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Recommend chatted with three LGBTQ+ travel advisors and asked them to share their expertise on current travel trends and provide actionable tips for selling to this dynamic market.

“Information is Key” When Selling LGBTQ+ Travel

Carlos Melia, Luxury Travel Curators LLC

Carlos Melia founded the first openly gay inbound travel agency to Argentina, Chile and Uruguay back in 1990. Today, he lives in the US and owns Luxury Travel Curators LLC, part of the Virtuoso global network of luxury travel advisors. He is also among the founding members of the LGBTQ+ Travel Advisory Board for BELMOND Hotel, Trains and River Barges, part of LVMH. Of note: Although Melia’s agency remains an LGBTQ+ luxury travel agency, it also caters to mainstream clients.

With this in mind, we asked him about current trends he might be seeing among his clientele. “What we see is that our clients are venturing to new destinations, sometimes even bordering on destinations that are not considered LGBT friendly, per see, but they feel safe to travel with the information [we give them[ and some kind of reference brands, international hotel brands, or airline brands,” says Melia. Brands, he says, that will welcome the community anywhere in the world. He ads that suppliers are very important to the mix, as they can make the client feel protected and taken care of during their voyage. This is particularly important in places that are not traditionally so LGBTQ+-friendly, or the community isn’t as strong—think some Asian countries, Egypt, some Caribbean islands, some Northern European countries, etc.

When asked for tips for selling to the luxury LGBTQ+ traveler, he says without a qualm: “Information. Information is key. And suppliers again. Have suppliers that you know you can trust. They are reliable. They welcome the LGBT segment, even though they may not fully cater to it. [We] started out as an LGBT company, but over time, we’ve become mainstream. We do everything. But we feel very strongly about the LGBT segment for the luxury segment. So our suppliers know that we cater to this demographic. And we’re very clear that we need to know they’re okay to work with this segment.” He says the same applies to hotels, DMCs and every other company they use at each destination.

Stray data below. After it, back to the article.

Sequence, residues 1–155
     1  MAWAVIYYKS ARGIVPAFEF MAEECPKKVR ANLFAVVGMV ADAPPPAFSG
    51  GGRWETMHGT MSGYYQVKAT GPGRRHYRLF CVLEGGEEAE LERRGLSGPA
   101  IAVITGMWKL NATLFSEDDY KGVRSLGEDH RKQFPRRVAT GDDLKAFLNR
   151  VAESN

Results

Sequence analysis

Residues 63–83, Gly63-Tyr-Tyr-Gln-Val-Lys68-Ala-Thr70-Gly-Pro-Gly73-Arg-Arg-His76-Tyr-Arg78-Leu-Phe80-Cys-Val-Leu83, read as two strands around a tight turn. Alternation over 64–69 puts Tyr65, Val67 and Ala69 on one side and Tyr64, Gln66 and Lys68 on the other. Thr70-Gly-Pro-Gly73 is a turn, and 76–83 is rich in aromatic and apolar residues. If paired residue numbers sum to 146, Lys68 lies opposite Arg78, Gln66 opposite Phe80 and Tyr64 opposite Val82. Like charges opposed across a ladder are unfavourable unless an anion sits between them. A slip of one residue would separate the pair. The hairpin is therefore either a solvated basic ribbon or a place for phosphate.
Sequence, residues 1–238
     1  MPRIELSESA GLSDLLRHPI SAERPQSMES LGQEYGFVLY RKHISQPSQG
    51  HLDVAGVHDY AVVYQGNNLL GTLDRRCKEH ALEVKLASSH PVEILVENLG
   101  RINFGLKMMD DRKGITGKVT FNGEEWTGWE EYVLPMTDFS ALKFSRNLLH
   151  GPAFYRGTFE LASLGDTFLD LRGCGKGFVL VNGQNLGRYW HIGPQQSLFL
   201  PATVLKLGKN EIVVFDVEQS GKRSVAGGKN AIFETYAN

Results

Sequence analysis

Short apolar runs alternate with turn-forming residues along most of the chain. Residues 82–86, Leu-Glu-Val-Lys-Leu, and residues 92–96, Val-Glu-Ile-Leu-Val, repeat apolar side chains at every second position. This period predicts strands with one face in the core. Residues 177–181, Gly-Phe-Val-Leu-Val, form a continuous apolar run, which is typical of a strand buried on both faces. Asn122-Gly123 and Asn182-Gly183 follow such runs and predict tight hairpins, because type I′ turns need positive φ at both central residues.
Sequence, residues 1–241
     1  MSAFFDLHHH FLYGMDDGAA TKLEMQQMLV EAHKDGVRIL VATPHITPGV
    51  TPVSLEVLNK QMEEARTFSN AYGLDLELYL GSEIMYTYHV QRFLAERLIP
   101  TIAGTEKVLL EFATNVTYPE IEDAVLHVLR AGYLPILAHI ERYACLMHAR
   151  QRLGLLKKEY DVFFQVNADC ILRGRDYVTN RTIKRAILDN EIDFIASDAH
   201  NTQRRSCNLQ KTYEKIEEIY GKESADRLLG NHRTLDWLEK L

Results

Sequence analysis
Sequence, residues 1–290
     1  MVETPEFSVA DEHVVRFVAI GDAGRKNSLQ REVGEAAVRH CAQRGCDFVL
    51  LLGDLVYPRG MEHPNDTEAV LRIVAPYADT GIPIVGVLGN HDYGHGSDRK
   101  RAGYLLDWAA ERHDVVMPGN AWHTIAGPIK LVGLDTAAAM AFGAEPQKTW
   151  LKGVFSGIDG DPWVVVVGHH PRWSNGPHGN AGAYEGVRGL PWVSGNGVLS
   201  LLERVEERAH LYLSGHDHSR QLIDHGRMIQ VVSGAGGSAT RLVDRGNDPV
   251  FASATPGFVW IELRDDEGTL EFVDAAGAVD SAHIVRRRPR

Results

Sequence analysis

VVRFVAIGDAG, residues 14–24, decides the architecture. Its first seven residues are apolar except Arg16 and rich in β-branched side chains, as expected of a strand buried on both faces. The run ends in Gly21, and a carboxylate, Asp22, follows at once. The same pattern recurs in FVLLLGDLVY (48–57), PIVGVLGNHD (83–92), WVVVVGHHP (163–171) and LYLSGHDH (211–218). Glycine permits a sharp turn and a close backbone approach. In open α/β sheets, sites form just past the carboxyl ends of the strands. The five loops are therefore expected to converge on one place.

Plus: “Travel and experience [the destination] yourself. I travel with my partner, and we make sure that everything [is perfect] and we feel welcome. That the rooms and the hotels are prepared to receive this type of client, and so on and so forth. And it’s honestly the first question that any client asks us, have you been, have you done, have you stayed there?

Hot tip for someone looking to break into this lucrative market segment? “First of all, find your niche because the LGBT segment is very wide, and it can be anything. [L]uxury LGBT is one of those niches…For me, it’s a mistake when people try to approach the LGBT market as one when there are so many layers to be covered and different things to cater to or specialize in.”

One last thing: “I think the segment is becoming more open…I think the younger crowds are feeling more open to traveling freely, and they don’t need to travel as gay travelers anymore. [Those of us that are] 30 or 40 years plus, we still have that mentality that we need to find a place that is 100 percent gay friendly. I think the younger demographics are more open to exploring beyond that limitation.”

“Know Your Customer”

Vicki Winters.

Self-proclaimed NYC-based Jetsetter Vicki Winters began her “journey in travel,” as she puts it when she worked as an executive assistant for C-suite officers in the entertainment and publishing fields. Within a few years, she was traveling the world as a travel blogger—until she discovered the travel advisor angle and set out her own shingle as Bucket List Travelers. Fast forward and Winters is now part of Fora Travel, an agency with a dedicated LGBTQ+ travel page with travel guides and a list of advisors who specialize in this target market.

Winters told us the current travel trends include “a lot of LGBTQ+ couples travel together in groups of four to ten persons. They often feel safer in a pack in some destinations. I’m also seeing them book farther in advance because they know what they want, and they know it won’t be available for long. Examples of this are Transatlantic cruises or Panama Canal crossings on Virgin Voyages, as well as Antarctica and Galapagos sailings. Those cabins are limited, and they don’t want to miss out.”